Rhino for Windows
nilloc — 2013-09-09T21:31:24-04:00 — #1
When making a scene that has many repeated shapes Rhino gets super bogged down. There are two examples that are both similar... surfaces with lots of holes in them. I have a student who is making a rendering of a supermarket. The backs of the shelves are basically like pegboard, so they have an array of holes that he Boolean'd out.
Another example is that I was making a rendering of a pool with lane lines. I made a single lane line disk and then repeated it. The disks have holes in them so they suppress waves in the water better. When I repeat the disks enough to make a lane line that is 25 meters long Rhino starts to really lag. (See the attached screen capture. Each disk is an inch wide, so the sections of lane line there are 13 inches long. This would be repeated about 75 times to make a 25 yard lane line.)
Are these just unreasonable things to try to do? Would it be better to make an array of holes rather than an array of cylinders that are boolean'd out? Are there other techniques we should use? Is there anything that can help other than more computing power?
danbayn — 2013-09-09T21:41:49-04:00 — #2
You really need to look into blocks for this type of project.
arail — 2013-09-09T22:09:43-04:00 — #3
It would be interesting to make 2 identical files - one with the object repeated 75 times and the other with the object made into a block and then instanced 75 times - to compare the file size.
willem — 2013-09-10T05:39:48-04:00 — #4
You might need to consider if you need this much detail for renderings.
Each hole adds a lot of faces to the Rendermesh, regardless of it being a Block or not it needs to be rendered onscreen as a mesh.
So in you example of the perforated shelve backs, I would try and use an image texture to suggest the holes. Eeither by applying a texture with black/drak dorts or by using a dotted pattern as transparency map.
As for the lane disks; you could use texturing as well or remove the inner holes, as they are hardly visible anyway. There is no difference in creating an array of holes or booleans. However, in the example of the disk I would suggest to create separate geometry for the disk, rim and fins. I would not boolean them into one polysurface but rather group them (the fins could be a single fin for both sides crossing through the disk). If you would boolean them into one polysurface, it would add a lot of extra mesh faces to define the intersecting edges)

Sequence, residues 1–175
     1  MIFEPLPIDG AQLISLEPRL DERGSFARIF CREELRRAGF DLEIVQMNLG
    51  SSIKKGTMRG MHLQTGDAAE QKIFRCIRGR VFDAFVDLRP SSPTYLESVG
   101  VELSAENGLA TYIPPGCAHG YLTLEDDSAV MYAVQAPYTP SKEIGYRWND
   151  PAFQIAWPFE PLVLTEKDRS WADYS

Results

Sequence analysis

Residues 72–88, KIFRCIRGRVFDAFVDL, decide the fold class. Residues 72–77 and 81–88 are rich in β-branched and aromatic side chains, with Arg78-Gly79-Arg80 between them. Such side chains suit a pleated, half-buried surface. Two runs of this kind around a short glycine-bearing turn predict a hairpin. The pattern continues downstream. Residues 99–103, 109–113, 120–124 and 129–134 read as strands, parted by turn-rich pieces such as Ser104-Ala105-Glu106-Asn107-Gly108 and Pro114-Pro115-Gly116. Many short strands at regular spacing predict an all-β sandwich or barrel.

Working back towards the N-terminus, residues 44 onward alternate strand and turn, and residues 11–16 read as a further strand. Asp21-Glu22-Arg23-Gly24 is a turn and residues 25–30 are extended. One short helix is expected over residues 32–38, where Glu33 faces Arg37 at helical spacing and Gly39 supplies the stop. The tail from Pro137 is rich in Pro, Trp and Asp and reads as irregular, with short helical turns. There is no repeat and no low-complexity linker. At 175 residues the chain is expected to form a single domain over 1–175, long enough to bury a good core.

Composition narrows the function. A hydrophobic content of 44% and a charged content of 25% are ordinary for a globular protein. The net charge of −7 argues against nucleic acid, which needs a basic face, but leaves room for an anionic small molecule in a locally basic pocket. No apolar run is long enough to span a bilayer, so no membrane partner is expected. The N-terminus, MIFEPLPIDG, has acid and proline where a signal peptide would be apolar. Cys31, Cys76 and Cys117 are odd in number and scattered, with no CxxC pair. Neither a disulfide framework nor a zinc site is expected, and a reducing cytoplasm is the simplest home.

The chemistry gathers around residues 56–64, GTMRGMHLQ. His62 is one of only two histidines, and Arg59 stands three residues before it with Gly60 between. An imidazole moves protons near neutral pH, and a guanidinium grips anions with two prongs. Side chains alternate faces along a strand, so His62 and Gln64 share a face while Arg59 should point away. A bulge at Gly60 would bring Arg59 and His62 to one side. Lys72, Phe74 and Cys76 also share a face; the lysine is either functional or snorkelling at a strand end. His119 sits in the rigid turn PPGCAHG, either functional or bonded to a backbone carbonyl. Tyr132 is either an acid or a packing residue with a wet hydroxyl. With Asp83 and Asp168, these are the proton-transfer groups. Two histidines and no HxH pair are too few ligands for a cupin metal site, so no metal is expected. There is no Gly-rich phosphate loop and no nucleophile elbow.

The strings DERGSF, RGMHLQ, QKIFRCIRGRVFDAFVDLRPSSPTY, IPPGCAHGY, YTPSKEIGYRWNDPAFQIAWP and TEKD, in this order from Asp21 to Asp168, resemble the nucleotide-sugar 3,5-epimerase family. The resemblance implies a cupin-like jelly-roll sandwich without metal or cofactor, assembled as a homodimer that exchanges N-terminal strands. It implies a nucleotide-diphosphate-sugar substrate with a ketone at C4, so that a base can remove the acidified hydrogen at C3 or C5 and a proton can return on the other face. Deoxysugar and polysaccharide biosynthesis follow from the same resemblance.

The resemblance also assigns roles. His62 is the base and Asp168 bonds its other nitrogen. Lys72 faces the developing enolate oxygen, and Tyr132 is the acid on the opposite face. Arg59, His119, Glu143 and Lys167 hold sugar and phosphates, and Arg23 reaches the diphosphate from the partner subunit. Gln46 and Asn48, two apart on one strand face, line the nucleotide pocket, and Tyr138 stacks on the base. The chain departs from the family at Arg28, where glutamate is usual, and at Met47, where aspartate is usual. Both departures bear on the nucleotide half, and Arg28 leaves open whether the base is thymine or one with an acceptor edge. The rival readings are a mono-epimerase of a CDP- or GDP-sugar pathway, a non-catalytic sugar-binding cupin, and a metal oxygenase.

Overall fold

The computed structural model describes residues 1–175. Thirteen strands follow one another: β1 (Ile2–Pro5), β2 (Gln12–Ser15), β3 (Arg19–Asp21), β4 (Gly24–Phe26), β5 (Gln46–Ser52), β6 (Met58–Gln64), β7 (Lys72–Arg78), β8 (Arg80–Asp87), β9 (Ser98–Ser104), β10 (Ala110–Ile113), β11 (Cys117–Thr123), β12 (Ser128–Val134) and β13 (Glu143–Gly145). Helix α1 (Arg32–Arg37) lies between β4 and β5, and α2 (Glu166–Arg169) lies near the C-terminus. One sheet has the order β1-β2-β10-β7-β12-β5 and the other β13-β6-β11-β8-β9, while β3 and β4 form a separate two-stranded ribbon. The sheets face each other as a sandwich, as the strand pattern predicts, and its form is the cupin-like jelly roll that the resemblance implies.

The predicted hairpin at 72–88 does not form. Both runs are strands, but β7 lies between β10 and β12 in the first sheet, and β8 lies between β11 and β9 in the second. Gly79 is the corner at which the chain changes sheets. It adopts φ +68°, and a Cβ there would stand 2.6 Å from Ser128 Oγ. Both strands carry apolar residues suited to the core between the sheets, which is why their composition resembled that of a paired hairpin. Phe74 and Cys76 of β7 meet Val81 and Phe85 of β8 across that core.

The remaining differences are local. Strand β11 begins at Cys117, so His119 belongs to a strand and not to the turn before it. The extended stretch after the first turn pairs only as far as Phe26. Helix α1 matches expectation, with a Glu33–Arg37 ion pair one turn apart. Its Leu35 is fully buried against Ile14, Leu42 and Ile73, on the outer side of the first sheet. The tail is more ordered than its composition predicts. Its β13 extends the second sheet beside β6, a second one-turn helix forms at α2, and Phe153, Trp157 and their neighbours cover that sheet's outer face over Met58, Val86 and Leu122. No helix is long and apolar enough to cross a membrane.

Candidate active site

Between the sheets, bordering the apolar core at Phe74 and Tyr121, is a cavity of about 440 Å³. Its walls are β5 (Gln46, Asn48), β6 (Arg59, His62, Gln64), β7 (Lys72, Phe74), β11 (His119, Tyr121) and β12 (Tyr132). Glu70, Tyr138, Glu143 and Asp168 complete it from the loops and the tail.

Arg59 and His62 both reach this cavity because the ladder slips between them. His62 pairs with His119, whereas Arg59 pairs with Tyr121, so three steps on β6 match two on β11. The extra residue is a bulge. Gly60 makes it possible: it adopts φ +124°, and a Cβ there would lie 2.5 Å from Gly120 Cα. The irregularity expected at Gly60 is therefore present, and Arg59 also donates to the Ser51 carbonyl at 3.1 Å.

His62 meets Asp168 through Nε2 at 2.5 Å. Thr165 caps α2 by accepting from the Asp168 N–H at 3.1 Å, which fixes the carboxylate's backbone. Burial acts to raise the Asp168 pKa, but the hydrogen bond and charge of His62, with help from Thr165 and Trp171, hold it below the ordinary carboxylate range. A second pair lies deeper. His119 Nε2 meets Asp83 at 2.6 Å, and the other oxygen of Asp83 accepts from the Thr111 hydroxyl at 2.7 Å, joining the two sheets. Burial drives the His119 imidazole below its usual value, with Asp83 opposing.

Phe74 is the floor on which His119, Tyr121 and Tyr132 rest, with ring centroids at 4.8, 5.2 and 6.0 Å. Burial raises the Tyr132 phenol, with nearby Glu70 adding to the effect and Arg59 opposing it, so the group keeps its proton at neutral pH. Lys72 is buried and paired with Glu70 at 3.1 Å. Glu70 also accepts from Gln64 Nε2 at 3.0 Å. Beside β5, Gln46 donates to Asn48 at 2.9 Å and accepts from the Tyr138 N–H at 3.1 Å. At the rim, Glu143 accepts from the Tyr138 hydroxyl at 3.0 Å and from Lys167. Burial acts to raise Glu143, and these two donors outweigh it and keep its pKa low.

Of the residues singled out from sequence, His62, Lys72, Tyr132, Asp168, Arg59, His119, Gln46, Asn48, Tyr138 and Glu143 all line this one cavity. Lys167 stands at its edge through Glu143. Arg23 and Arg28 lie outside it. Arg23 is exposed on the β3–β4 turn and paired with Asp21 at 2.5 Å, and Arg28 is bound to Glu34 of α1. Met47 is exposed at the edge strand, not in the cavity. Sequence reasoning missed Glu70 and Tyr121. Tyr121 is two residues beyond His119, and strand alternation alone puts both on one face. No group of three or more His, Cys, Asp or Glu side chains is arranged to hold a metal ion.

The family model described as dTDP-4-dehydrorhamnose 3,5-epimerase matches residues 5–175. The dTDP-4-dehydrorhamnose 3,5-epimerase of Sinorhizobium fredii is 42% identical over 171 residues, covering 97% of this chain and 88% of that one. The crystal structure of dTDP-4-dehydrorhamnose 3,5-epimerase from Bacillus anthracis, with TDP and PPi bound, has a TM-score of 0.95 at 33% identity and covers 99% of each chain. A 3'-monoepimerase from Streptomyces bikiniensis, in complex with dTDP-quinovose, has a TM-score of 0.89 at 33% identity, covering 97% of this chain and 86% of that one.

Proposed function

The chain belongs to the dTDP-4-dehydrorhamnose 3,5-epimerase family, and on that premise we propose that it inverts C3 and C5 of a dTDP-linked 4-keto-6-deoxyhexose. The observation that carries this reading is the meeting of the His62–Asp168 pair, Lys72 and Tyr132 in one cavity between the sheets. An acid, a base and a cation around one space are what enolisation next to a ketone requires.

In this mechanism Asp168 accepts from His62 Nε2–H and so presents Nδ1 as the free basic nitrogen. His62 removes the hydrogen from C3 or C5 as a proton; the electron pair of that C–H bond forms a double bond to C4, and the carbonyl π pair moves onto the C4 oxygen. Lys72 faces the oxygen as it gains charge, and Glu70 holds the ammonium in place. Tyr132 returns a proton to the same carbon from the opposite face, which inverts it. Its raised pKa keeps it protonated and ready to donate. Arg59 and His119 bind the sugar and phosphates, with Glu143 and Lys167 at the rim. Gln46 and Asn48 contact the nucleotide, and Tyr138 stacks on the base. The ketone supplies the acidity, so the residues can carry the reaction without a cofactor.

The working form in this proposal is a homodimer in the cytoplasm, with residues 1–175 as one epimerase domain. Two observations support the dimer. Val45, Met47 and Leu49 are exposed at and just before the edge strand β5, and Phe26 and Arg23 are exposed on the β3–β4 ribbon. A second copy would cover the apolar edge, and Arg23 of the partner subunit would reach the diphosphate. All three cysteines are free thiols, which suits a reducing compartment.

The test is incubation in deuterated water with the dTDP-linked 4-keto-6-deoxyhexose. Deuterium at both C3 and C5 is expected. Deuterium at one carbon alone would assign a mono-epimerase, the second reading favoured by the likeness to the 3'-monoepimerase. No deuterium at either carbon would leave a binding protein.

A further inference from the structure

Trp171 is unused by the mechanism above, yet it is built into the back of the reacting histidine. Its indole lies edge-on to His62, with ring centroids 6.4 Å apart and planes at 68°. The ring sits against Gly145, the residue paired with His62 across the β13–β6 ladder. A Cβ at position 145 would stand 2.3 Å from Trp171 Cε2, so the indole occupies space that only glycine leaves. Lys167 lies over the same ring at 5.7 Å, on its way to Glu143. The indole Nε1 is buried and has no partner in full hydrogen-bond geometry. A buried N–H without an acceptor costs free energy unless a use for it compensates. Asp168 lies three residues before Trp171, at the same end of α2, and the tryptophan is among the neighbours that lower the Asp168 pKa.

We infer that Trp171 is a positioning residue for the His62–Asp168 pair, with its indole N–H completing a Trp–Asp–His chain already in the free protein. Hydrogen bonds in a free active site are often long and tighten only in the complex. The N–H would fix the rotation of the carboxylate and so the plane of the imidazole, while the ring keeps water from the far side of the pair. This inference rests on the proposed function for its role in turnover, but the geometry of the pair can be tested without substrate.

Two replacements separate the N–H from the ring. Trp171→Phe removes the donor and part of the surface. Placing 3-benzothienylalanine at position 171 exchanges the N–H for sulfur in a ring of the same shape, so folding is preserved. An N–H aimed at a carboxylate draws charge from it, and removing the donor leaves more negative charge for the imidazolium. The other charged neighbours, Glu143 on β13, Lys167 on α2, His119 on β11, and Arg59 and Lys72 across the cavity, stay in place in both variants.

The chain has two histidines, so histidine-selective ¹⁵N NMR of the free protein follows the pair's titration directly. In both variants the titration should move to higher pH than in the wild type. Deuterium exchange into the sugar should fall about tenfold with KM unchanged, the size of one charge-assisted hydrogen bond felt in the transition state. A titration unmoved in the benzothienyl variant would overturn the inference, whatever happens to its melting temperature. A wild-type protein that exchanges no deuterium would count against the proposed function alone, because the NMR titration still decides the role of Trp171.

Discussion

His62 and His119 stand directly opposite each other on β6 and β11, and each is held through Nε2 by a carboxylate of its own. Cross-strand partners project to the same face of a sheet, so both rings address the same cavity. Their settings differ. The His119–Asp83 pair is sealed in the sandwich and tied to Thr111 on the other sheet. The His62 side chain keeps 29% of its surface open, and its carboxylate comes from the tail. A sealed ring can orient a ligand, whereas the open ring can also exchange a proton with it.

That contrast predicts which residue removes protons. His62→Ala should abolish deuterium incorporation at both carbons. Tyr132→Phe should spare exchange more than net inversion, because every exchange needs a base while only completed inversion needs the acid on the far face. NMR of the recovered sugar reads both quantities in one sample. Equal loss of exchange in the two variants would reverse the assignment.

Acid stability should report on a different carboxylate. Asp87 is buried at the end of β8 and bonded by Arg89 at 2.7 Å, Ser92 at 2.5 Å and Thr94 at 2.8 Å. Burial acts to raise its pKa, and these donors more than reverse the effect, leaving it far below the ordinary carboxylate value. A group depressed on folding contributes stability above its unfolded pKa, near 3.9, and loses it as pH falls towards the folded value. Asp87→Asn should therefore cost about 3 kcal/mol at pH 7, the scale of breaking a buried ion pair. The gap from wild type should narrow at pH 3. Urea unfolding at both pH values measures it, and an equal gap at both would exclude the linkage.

Last but not least I suggest to try and see how low of a custom mesh settings you can create for objects.
This is done at the object properties panel:
brianj — 2013-09-10T10:29:33-04:00 — #5
I would suggest doing the holes in a material as shown here. This is in line with what Willem mentioned. The challenge is one of texture mapping in this case so I'll touch a bit on that in explaining how I set up the file.
On a separate layer I created some trimmed planar srfs for the circles and arranged them in the Front view over one of the pie wedge srfs for the pattern. Then I used a custom display mode also attached here which I named Alpha. This mode has a white background with the grid and world axis display hidden. The hole srfs are given a black material and then the viewport is saved to a file. The trick is then to set up a planar texture map for the surface in the area you arranged the holes without changing the view that you just captured. Assign the planar map for the surface in object props and use the viewport borders for guides when drawing out the planar mapping widget. The black and white viewport capture is used in the transparency channel of the material.
micha — 2013-09-10T10:59:26-04:00 — #6
Fence objects are a problem for Rhino. I avoid problems if I create a mesh from the fence and only use this for viz. The original NURBS object can be stored at a disabled layer. If you use this pre-meshed object as block, than you can fill the room.
nilloc — 2013-09-10T20:45:30-04:00 — #7
Thanks, all for your help. I'll try these out tomorrow and see how they all work.
marc — 2013-09-11T11:02:17-04:00 — #8
In projects like this it could be preferable to create two models for the same objects:
For close-ups of a single disc or a group of discs, a detailed model as the one shown would be used.
But when the view if from a few meters away, when you see more than on group of discs, a much simpler object, preferably even just an optimized mesh, would be used.
sampage — 2013-09-11T12:05:34-04:00 — #9
I would think rather than blocking them, joining all the similar meshes you can would help speed, so an entire lane divider is 1 joined mesh object, not a couple of hundred blocks. There is some overhead on blocks which makes them slower to display than a single large mesh.